Aussie police and national security embracing anti-encryption laws

Published on the 06/02/2019 | Written by Heather Wright

AU Police national security

Training steps up for police…

Police around Australia will be getting to grips with their new encryption powers this month, as training in the new laws ramps up, with the Department of Home Affairs saying the law has already been used by law enforcement and national security agencies.

The Telecommunications and Other Legislation Amendment (Access and Assistance) Act 2018 encryption legislation was rushed into law in early December, enabling the government to issue notices to tech companies requiring they remove encryption and other security on devices and services to provide Australian law enforcement agencies access to stored data.

The bill, the draft of which was only released in August, prompted an outcry, with questions over whether it would require the creation of backdoors and other vulnerabilities in hardware and services.

“Law enforcement and national security agencies have used the powers in the Act.”

It was rushed through both houses of Federal Parliament without amendment thanks to a desire to have the law in place to ‘address security threats over the Christmas and New Year period’

Now, a submission by the Department of Home Affairs to the Parliamentary Joint Committee on Intelligence and Security’s Inquiry says the powers of the act have already been used by Commonwealth law enforcement and national security agencies ‘to support their work’.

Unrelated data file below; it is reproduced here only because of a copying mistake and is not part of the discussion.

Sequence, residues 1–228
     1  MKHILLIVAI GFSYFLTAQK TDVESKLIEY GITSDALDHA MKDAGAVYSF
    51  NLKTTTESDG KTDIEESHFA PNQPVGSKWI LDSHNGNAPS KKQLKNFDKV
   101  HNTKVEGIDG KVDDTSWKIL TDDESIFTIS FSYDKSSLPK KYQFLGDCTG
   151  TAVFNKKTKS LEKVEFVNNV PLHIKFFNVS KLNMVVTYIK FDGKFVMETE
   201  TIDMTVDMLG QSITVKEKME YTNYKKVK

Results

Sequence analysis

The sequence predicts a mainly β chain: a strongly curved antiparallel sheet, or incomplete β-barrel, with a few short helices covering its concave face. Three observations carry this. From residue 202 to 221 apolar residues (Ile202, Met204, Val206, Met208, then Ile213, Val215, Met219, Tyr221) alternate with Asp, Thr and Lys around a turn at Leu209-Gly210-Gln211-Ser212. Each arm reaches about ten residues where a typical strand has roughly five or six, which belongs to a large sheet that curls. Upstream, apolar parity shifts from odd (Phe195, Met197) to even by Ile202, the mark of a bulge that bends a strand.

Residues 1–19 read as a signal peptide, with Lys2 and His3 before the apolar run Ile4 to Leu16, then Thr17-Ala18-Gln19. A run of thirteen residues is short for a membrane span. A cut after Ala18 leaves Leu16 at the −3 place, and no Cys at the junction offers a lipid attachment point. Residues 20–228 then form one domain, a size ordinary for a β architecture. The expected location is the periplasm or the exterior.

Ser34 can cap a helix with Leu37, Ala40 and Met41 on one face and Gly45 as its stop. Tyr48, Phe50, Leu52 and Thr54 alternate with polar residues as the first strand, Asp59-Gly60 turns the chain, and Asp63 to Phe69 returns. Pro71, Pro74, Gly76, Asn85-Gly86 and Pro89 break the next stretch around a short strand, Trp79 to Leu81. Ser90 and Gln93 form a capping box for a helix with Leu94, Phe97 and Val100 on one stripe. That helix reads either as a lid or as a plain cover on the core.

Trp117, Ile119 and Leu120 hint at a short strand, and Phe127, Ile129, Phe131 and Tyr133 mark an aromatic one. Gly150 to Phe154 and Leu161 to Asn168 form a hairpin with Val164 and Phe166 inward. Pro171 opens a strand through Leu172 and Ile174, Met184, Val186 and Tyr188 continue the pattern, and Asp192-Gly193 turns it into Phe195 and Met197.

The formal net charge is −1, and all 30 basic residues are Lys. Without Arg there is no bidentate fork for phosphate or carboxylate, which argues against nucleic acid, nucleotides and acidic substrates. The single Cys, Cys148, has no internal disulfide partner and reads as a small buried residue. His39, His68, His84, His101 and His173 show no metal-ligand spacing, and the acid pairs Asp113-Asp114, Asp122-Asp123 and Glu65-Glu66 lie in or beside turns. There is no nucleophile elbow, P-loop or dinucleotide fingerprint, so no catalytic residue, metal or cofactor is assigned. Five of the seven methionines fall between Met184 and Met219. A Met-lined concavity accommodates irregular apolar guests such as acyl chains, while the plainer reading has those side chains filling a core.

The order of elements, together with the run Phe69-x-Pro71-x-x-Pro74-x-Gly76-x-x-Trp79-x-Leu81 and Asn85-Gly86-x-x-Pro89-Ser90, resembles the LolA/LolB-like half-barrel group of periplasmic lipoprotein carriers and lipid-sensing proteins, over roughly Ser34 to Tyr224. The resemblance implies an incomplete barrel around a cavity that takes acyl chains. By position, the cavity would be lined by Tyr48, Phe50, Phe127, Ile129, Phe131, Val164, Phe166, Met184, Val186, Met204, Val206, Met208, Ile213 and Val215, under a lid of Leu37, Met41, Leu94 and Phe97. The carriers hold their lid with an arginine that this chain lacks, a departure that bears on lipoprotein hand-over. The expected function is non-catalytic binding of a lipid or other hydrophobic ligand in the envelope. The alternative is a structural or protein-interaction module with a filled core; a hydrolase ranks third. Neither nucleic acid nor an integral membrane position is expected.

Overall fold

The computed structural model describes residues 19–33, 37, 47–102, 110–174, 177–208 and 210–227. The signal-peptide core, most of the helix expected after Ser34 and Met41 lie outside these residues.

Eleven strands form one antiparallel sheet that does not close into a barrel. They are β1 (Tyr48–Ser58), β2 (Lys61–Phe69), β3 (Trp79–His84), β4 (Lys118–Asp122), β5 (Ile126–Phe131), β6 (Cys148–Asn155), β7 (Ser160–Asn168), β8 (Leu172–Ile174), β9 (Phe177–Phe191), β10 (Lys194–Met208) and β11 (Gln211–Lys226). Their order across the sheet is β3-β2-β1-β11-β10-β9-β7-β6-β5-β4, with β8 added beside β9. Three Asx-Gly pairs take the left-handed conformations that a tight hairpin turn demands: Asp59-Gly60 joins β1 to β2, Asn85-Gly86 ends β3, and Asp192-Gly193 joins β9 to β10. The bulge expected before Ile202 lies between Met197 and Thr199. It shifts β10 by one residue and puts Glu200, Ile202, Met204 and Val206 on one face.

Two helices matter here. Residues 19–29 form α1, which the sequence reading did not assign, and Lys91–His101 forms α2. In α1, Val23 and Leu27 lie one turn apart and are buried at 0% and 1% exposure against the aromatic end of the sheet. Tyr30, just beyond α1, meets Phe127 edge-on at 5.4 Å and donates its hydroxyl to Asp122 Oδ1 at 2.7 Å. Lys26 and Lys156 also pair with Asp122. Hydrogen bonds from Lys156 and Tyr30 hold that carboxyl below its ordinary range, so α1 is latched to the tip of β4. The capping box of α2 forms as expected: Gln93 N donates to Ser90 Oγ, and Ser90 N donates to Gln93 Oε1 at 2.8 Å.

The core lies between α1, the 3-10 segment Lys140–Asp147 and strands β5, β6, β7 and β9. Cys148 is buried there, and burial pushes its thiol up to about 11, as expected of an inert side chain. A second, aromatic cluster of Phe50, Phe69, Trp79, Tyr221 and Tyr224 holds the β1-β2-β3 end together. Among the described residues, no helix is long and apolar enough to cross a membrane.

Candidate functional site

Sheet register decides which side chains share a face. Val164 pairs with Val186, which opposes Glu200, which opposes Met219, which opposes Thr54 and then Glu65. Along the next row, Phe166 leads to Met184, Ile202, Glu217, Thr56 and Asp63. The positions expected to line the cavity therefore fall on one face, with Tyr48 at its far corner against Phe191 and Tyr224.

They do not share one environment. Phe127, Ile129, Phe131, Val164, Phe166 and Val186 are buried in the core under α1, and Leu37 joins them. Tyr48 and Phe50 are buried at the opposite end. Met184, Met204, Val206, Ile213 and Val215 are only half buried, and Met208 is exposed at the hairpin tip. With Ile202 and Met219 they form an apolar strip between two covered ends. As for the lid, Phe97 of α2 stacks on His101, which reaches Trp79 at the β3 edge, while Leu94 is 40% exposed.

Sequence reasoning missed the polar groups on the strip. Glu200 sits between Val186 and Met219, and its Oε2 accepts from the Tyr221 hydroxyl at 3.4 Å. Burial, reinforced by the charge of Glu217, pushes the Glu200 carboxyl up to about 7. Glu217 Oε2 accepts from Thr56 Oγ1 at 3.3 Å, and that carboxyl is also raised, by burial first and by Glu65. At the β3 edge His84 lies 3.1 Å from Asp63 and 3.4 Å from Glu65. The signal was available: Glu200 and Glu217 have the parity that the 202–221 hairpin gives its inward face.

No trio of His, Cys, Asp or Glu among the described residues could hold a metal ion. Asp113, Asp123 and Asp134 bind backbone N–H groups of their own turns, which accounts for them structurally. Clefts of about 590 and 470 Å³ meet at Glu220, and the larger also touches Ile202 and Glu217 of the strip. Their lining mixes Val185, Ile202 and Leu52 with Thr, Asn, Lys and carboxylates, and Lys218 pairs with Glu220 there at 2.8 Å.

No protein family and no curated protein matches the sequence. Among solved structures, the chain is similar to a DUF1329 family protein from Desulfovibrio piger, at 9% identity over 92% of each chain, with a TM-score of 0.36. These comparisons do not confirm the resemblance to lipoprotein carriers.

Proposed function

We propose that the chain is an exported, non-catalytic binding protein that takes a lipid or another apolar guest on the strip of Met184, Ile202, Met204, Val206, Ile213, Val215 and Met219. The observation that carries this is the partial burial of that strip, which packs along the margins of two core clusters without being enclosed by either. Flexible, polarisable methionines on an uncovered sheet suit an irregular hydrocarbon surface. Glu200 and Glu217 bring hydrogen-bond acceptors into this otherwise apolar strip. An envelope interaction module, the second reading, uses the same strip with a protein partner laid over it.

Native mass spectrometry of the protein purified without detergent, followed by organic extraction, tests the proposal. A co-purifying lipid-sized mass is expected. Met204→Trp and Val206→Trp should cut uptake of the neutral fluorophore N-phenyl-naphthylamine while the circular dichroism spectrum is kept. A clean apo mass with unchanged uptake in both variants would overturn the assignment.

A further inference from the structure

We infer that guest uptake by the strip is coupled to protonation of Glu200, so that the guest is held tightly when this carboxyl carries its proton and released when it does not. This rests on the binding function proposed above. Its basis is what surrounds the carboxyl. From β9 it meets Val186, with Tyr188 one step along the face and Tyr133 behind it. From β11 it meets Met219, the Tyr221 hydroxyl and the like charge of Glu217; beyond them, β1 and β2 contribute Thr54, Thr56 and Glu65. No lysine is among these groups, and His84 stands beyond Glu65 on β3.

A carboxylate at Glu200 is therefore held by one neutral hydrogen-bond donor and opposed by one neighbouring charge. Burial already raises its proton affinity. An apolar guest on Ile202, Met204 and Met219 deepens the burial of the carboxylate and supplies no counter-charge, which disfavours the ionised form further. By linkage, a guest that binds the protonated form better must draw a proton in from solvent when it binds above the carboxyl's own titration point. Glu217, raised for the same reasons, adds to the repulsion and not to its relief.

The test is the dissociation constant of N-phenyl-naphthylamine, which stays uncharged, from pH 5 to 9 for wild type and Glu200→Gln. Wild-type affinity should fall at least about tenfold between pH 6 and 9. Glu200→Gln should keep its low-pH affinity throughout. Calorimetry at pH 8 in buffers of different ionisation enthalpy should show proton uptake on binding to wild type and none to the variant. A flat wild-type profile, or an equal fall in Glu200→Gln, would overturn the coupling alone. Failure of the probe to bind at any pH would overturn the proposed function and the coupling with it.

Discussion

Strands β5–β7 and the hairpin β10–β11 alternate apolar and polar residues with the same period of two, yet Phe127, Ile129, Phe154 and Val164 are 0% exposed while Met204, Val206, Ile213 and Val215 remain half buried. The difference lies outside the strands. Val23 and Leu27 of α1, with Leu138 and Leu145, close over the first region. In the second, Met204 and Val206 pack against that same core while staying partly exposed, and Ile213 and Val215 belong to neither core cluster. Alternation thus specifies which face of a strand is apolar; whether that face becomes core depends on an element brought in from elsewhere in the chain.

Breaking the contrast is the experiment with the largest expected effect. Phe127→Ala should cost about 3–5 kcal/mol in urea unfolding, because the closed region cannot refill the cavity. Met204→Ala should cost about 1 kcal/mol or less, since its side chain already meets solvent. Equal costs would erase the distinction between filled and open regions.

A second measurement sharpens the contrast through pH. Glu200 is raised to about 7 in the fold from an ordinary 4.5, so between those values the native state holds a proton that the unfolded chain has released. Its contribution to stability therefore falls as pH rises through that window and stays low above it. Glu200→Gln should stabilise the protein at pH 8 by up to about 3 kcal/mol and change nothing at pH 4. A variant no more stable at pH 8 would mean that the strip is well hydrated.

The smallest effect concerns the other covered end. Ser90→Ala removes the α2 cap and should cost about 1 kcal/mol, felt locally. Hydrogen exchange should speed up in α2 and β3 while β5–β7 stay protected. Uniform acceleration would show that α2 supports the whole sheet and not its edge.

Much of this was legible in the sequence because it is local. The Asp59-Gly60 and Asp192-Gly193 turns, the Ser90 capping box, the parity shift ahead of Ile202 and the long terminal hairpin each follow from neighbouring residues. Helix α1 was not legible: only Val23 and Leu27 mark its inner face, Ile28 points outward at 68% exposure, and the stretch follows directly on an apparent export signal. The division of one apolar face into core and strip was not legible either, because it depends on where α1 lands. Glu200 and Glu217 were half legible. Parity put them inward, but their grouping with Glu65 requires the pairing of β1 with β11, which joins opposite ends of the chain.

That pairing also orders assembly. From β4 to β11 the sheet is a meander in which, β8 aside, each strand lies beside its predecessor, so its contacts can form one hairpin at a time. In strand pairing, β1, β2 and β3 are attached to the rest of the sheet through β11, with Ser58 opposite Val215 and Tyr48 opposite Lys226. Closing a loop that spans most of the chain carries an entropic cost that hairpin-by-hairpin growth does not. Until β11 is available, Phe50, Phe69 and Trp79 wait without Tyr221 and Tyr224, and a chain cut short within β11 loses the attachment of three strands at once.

“The Department understands that Commonwealth law enforcement and national security agencies have used the powers in the Act to support operations and investigations,” the submission says.

It says it has delivered on-site training to the NSW and Victoria police, and is working closely with law enforcement, national security agencies and industry to help implement the act, with further training to be delivered this month to State and Territory police forces.

The law allows government agencies to issue technical assessment notices requiring communications providers use an interception capability they already have and technical capability notices, requiring a provider to build new interception capability. Both TANs and TCNs are compulsory. A third category, technical assistance requests, allows for ‘voluntary’ requests to use existing capabilities.

“The Department is steadfastly progressing with the implementation and operationalisation of the Act,” the submission notes.

“This involves continuing to support agencies and industry to ensure consistent, reasonable and clear use of powers and dedicated training exercises. The Department is also engaging with industry to dispel common misconception, build confidence and to reiterate the intended purpose and operation of the Act.”

A pool of legal and technical experts is being assembled ‘that may be appointed upon when required to review the requirements in a notice’ and former justices of the High Court, Federal Court, State Supreme Courts and District Courts have expressed ‘firm’ interest in the role of judicial assessor, the Department says. ‘Eminent academics’, cybersecurity professionals and retired judges have also been approached to seek expressions of interest for the role of independent assessor.

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